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Tuesday, March 31, 2015

IC 1795 in the Heart Nebula




I spent hours in two nights by shooting this busy area in IC 1805, the Heart nebula, at 13. and 15. March.

IC 1795
Click for a large image

Image is in mapped colors from an emission of  the ionized elements. Golden areas are from emission of sulfur and hydrogen, S-II and H-alpha, blueish areas are from ionized oxygen, O-III.


A closeup
Click for a large image





INFO

IC 1795 is also known as a Fish Head Nebula. It's a  star forming region in the northern constellation Cassiopeia at distance of about 6000 light years. My image shows about a square degree of sky, the actual size of the imaged area is around 130 light years. IC 1795 is a part of the large nebula complex known as IC 1805, the Heart Nebula.


Image in visual spectrum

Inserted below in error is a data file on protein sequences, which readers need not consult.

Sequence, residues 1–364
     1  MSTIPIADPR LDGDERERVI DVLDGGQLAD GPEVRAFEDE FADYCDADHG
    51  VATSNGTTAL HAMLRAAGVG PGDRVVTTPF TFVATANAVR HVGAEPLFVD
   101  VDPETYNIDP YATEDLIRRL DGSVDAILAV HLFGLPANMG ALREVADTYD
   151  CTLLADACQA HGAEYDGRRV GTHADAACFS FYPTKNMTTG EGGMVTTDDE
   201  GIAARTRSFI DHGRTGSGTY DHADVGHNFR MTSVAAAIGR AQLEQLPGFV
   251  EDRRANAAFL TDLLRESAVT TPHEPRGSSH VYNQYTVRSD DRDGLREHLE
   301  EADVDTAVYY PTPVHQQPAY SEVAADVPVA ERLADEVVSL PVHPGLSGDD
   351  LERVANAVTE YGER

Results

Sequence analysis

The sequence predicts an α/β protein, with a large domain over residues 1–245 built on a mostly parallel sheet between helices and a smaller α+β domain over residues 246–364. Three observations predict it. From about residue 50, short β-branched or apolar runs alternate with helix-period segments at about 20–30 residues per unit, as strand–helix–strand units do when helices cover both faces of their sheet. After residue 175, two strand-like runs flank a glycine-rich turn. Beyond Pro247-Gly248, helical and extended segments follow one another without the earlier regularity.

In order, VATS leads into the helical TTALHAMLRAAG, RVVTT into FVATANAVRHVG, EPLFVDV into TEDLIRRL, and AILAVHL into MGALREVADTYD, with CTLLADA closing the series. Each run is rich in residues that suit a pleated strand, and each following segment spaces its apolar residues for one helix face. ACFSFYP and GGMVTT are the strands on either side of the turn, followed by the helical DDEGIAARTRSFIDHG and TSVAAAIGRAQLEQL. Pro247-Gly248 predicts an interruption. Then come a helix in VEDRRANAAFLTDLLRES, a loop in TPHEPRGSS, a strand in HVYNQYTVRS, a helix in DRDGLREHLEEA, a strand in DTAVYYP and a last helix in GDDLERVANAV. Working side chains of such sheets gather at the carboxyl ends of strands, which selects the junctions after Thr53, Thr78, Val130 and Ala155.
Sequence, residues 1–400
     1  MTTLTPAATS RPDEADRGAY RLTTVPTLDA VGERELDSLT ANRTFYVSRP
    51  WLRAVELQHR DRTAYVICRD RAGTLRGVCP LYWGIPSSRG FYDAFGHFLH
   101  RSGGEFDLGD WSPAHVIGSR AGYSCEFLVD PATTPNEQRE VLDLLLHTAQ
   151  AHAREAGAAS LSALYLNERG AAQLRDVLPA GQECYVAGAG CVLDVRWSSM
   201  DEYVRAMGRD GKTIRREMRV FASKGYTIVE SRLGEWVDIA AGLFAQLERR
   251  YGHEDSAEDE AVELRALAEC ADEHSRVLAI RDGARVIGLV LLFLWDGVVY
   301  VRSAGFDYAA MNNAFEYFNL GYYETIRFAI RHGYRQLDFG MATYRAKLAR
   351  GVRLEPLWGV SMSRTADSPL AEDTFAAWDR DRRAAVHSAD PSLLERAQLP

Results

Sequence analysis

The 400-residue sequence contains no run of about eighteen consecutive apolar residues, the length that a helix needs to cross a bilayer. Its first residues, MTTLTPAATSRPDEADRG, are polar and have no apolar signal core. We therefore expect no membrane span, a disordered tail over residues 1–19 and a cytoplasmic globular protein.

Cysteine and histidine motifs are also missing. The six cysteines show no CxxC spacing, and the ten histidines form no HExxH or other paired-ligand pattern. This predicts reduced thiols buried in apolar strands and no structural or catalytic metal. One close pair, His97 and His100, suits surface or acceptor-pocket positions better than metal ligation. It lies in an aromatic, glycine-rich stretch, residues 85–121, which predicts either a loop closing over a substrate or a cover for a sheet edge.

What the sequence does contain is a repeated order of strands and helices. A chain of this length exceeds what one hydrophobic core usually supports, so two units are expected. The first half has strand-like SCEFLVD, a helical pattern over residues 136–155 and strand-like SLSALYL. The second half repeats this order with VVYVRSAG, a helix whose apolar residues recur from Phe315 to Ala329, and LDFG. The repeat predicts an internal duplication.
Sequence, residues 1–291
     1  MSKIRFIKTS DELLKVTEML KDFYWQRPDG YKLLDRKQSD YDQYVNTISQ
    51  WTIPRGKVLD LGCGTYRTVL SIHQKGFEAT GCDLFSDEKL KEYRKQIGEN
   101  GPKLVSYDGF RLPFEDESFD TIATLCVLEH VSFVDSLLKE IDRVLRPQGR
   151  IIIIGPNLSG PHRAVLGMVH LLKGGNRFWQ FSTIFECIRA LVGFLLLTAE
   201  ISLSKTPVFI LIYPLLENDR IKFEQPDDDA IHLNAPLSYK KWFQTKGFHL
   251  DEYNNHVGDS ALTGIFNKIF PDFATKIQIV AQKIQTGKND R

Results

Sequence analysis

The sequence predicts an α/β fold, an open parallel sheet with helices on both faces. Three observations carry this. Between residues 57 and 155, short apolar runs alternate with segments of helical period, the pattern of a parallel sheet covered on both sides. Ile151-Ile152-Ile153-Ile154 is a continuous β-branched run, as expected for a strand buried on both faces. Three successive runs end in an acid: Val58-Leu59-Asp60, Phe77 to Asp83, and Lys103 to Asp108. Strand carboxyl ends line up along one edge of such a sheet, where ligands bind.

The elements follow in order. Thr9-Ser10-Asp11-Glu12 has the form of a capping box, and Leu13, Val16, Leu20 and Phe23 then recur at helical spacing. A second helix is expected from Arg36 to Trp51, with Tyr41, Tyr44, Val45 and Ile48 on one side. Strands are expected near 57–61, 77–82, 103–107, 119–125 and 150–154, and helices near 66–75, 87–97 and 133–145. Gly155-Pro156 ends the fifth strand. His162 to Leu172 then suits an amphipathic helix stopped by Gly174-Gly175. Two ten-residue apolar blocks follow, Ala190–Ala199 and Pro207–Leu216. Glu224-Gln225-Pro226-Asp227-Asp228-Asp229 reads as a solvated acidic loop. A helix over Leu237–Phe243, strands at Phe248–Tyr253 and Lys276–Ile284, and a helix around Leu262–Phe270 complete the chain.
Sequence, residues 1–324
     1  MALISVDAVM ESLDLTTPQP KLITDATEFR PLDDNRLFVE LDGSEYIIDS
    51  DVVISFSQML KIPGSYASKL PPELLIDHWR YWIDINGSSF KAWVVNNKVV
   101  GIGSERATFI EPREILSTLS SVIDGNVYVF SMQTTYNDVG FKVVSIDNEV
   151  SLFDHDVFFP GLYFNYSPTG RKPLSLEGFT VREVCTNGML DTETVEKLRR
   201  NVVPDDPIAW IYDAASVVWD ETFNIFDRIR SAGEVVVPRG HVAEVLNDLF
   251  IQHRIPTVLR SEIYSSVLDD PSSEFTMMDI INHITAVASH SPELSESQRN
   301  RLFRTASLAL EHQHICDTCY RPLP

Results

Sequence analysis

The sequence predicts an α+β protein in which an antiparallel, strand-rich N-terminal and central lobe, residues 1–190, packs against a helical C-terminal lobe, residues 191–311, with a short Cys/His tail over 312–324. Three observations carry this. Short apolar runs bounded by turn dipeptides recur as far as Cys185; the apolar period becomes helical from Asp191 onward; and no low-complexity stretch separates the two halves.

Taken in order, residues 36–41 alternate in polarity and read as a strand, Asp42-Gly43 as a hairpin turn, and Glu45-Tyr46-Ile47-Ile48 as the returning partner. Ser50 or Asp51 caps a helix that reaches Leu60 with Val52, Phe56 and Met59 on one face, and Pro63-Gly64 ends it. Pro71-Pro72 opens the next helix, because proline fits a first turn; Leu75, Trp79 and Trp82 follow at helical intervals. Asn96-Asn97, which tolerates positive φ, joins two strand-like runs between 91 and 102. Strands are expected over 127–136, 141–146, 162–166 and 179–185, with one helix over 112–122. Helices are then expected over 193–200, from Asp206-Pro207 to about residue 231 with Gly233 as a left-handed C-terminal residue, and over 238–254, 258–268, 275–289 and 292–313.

Click for a large image

Natural color composition from the emission of ionized elements, R=80%Hydrogen+20%Sulfur, G=100%Oxygen and B=85%Oxygen+15%Hydrogen to compensate otherwise missing H-beta emission. This composition is very close to a visual spectrum.


Image in emission of an ionized hydrogen only (H-alpha)



A two frame mosaic
Click for a large image

This photo of IC 1805 was partly overlapping with my previous image from the same area.
I made a small two frame mosaic out of them. I have shot more frames after this imaging project and now I'm able to make a high resolution mosaic of the whole IC 1805 area. I'll publish that later.

This two frame mosaic is in mapped colors. I have material for the whole IC 1805 area but I'll publish it later. Blog post about the Melotte 15 at the left part of the mosaic above can be seen HERE.


Orientation in IC 1805, the Heart Nebula
Click for a large image

The area of IC 1795 is marked as a white rectangle. 


Technical details

Processing work flow

Image acquisition, MaxiDL v5.07.
Stacked and calibrated in CCDStack2.
Deconvolution with a CCDStack2 Positive Constraint, 33 iterations, added at 50% weight
Color combine in PS CS3
Levels and curves in PS CS3.

Imaging optics
Celestron Edge HD 1100 @ f7 with 0,7 focal reducer for Edge HD 1100 telescope

Mount
10-micron 1000

Cameras and filters
Imaging camera Apogee Alta U16 and Apogee seven slot filter wheel
Guider camera, Lodestar x2 and SXV-AOL